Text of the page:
Understanding food value chains
Herts researchers have been taking the lead in a four-year €6m multidisciplinary project to help policymakers improve food security in Europe and beyond.
The food value chain is the farm-to-table network of stakeholders involved in growing, processing, selling and consuming the food we eat.
Ensuring food safety and the sustainability of this complex supply chain is of increasing concern to governments, business and the public.
Researchers at the University of Hertfordshire with expertise in public policy and governance of the agri-food sector and the food supply are taking a lead in a four-year €6m multidisciplinary project to help policymakers improve food security in Europe and beyond and protect food producers and all those who work in the food system.
The VALUMICS project is looking at key food sectors including beef and dairy, farmed fish, cereals and oils. Flows of raw materials and finished goods are being mapped and modelled by researchers as they move through each stage of food supply chains.
Greener and fairer
The aim of the VALUMICS project is to enhance our understanding of food system network dynamics, by exploring how and why decisions are made in selected value, supply and decision chains, and to provide policymakers with tools and approaches they can use to evaluate the impact of strategic and operational policies. This will help them to identify policies and actions which will make food value chains greener and fairer.
Enhancing the resilience, integrity and sustainability of food value chains in European countries will help them withstand the challenges they face from climate change, depleted resources and population growth.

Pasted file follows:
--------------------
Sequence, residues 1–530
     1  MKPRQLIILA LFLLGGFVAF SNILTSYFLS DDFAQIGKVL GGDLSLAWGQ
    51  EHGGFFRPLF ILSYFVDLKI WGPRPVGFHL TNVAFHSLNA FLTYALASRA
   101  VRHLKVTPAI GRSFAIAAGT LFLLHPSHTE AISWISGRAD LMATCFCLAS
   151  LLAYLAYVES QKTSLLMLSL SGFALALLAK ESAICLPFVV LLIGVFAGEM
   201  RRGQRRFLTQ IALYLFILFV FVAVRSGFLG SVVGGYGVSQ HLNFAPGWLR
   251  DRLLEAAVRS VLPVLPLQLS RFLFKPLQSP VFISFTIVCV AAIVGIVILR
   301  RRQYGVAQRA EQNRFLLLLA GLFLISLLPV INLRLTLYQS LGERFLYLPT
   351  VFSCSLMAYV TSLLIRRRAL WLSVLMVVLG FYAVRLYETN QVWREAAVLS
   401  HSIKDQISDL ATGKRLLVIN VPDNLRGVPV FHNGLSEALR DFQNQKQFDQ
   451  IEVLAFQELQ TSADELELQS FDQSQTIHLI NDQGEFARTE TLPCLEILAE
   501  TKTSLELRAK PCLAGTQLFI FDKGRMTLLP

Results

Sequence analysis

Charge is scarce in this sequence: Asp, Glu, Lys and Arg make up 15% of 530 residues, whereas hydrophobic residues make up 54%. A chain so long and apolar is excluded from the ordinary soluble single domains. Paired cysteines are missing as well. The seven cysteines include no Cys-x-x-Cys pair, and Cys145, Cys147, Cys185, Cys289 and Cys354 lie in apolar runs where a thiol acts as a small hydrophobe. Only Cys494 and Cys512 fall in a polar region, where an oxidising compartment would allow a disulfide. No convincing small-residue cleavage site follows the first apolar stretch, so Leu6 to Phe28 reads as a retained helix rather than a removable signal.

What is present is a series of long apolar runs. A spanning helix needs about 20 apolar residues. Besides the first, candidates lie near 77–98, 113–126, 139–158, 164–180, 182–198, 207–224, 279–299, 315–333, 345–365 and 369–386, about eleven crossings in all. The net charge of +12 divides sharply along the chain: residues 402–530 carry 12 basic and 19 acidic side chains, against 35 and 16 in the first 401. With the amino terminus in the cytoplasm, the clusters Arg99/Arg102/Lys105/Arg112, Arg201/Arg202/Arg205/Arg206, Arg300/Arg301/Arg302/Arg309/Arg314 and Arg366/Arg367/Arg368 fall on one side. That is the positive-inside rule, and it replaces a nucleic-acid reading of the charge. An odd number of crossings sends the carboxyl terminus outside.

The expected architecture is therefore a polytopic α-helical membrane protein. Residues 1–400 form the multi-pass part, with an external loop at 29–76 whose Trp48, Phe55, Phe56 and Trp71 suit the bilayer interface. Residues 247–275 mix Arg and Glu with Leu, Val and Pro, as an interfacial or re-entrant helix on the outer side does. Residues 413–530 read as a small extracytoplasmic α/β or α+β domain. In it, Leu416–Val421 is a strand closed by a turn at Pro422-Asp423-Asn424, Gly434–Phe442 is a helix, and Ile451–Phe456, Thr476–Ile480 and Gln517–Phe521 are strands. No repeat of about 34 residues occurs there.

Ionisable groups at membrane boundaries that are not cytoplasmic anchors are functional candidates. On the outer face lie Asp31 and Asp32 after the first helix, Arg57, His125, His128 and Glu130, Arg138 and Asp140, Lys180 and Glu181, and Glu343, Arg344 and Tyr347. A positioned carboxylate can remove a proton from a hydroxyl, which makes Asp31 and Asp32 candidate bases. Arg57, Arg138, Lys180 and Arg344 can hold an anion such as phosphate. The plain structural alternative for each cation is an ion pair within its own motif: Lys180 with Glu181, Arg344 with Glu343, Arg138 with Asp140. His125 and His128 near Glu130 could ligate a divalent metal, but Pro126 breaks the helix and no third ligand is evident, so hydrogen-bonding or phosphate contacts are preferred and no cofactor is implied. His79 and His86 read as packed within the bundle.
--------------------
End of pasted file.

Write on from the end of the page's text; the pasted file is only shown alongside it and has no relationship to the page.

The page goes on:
Hertfordshire is one of two UK universities in the VALUMICS consortium, which has a core of 19 European partners from 14 countries and two Asian partners, in China and Vietnam. Led by Professor David Barling, Director of the University’s Centre for Agriculture, Food and Environmental Management, the University is heading up the consortium’s work on how policy and governance can support the project’s dynamic food system models.
Funded by Horizon 2020, the EU’s largest research and innovation programme, the research results will be relevant to policymakers as well as to the many food businesses across Europe which are regulated by their decisions.
David is Director of the Centre for Agriculture, Food and Environmental Management at Herts. He is also the University Food Research Theme Champion.
His research focuses on food policy, food security and sustainability, and the governance of the agri-food sector.
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